With all this new free time, I decided to make the drive up to Glacier for the weekend. Last year it was pretty smoky so I was worried about visibility. This time it was perfect! No smoke just a few puffy clouds strolling across the sky.
I left Friday after work with my tent and my mountain bike. The sun was just setting as I pulled in to my campsite. It has been a few years since I've been to the East side of Glacier. The major access is on the West side of the park and a trip over there usually involves the normal tourist hysteria of major national parks.
On the east side of the park there was very few people at all. Nice and quiet! I cooked up some freeze dried beef macaroni and fell a sleep to the buzz of the forest instead of the city! Tomorrow was going to be a long, long day.
I woke up early, had some coffee and pressed on to the Saint Mary entrance. A few other bikers were prepping their expensive road bikes while I hopped on my trek mountain bike. Going to the Sun road is absolutely amazing. The scenery is breathtaking and the chances of seeing wild animals is better than other national parks.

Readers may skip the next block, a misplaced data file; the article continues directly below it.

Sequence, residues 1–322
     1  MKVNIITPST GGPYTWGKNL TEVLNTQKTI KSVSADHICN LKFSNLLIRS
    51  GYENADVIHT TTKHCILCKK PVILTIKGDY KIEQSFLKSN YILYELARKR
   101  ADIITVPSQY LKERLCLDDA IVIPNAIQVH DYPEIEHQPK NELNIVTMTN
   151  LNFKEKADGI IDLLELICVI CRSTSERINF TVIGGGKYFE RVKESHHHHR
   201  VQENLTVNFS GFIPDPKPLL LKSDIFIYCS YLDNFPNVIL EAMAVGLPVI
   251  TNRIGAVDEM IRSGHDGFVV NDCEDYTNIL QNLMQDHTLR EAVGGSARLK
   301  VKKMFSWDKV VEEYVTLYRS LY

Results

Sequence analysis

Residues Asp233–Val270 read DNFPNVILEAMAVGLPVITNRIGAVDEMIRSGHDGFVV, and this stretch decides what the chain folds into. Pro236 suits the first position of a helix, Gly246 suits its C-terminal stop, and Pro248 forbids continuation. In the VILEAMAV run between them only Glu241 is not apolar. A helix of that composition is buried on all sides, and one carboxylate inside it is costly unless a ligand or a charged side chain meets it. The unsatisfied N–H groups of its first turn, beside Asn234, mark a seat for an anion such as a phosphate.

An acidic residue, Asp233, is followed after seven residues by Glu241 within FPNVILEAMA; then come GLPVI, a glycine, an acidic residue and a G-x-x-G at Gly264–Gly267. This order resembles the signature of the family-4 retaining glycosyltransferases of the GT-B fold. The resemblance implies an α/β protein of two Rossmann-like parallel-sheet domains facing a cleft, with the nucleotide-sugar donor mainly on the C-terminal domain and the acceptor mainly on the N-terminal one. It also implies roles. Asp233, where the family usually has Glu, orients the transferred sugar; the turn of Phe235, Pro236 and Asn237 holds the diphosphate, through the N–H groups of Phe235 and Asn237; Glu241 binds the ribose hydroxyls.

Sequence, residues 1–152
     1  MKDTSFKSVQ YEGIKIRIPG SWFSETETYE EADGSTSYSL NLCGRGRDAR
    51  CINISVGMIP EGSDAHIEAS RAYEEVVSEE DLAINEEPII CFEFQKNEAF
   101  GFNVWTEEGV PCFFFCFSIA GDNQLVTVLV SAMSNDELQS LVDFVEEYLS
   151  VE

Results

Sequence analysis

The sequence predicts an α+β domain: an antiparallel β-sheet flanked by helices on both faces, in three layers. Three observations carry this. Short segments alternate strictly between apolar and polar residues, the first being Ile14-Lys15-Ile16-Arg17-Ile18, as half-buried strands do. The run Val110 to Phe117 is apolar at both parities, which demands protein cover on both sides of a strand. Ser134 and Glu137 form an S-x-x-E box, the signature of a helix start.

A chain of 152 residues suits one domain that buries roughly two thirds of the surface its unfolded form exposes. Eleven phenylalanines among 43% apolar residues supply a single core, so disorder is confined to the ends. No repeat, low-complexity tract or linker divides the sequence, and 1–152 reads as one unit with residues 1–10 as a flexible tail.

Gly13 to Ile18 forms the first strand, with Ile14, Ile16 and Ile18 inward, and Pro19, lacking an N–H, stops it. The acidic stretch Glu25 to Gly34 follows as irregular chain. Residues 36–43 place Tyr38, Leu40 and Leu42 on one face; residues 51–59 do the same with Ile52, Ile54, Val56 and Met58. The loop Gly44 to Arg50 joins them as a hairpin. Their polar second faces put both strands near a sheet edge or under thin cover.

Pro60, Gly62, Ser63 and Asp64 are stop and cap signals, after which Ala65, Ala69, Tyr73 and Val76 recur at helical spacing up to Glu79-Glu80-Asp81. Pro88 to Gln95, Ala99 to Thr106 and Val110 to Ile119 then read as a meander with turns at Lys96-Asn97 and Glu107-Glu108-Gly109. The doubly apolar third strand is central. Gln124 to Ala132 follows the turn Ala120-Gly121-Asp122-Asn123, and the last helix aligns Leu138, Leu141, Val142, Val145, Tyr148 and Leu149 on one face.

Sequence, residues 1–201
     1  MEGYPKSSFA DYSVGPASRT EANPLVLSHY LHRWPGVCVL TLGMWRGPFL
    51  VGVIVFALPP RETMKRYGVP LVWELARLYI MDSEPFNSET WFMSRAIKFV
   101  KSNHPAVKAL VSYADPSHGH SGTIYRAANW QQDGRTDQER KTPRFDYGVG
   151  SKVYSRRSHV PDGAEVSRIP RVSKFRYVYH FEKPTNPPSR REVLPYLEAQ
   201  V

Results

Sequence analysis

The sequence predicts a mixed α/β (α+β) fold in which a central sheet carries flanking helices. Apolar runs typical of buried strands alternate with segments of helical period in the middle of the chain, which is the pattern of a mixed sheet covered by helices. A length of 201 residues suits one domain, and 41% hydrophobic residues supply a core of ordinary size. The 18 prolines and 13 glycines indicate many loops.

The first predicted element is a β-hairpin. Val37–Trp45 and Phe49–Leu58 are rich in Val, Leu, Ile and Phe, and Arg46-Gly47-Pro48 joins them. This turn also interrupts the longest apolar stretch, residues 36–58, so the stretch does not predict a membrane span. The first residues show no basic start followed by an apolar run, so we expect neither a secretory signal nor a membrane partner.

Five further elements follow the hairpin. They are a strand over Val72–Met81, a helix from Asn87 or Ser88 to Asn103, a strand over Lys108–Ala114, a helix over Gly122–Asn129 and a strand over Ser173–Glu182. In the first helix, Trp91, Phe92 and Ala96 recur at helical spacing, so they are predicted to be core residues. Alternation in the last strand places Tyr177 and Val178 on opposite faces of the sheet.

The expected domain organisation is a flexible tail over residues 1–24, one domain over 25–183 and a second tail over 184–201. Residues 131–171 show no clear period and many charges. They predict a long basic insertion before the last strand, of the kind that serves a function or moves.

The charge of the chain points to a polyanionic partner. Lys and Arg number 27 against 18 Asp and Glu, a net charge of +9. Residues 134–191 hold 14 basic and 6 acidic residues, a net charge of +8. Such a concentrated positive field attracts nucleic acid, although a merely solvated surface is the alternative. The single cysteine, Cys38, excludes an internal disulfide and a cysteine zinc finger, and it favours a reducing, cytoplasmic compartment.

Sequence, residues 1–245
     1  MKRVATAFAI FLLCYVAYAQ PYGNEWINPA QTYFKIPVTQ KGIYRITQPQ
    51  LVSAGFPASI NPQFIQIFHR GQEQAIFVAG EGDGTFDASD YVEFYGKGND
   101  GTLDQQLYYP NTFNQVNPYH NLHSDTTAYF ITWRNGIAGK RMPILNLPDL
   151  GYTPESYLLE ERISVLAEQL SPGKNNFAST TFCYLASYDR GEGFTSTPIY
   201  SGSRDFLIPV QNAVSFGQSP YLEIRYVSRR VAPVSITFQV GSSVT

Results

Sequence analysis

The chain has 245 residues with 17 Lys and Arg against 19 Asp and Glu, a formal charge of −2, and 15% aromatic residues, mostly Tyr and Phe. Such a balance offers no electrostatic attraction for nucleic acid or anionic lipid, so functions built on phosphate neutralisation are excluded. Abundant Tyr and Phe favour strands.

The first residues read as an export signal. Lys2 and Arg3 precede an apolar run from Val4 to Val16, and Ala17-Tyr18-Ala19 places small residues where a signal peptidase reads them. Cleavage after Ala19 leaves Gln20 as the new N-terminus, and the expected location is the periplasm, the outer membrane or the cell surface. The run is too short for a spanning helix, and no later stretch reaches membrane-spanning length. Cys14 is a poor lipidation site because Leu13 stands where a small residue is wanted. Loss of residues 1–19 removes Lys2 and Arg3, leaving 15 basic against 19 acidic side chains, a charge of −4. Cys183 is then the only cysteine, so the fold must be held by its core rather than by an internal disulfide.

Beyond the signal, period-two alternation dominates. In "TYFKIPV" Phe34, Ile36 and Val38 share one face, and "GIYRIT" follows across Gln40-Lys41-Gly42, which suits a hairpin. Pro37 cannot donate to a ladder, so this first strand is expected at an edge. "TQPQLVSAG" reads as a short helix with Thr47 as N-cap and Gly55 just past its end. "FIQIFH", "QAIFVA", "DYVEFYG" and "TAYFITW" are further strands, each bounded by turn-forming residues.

The morning son casted reflections of the granite mountains in to the lake for me. On bike I was much slower than I normally would traveling through the park. It gave me time to appreciate every view for longer periods of time. Traveling by bicycle was a completely different and new way to experience the park.
(Wild Goose Island on Saint Mary Lake)
The morning temperature was really cool and climbing wasn't as tough as I had hoped. I wasn't moving fast and was passed by a few road cyclists who were pumped that I was riding a mountain bike. Slow was the best speed to enjoy the mountains and scenery.
(Citadel Mountain - 9,030ft)
(Heavy Runner Mountain 8,762ft)
(Looking West towards Clements Mountain 8,760ft)
The entire route to Logan Pass, which was about 15.5 miles with 2,400 ft of climbing, only took me an hour and half. It felt much longer though!
The atmosphere up at Logan Pass was completely different than my first few hours in the park. I had seen a few cyclists and cars but for most of the time I was isolated. After a while you get used to the quiet and it is a big change to see the hustle and bustle of humanity. I am reminded of that concept every time I venture outside of Missoula and through major cities. The change of pace, noise and surroundings makes me uncomfortable. I get migraines and become disorientated. In the end I accumulate to city life but learn to respect and appreciate my ability to disconnect on a daily basis!
Check out thetime lapse of my ride below and enjoy Glacier National Park in under 90 seconds!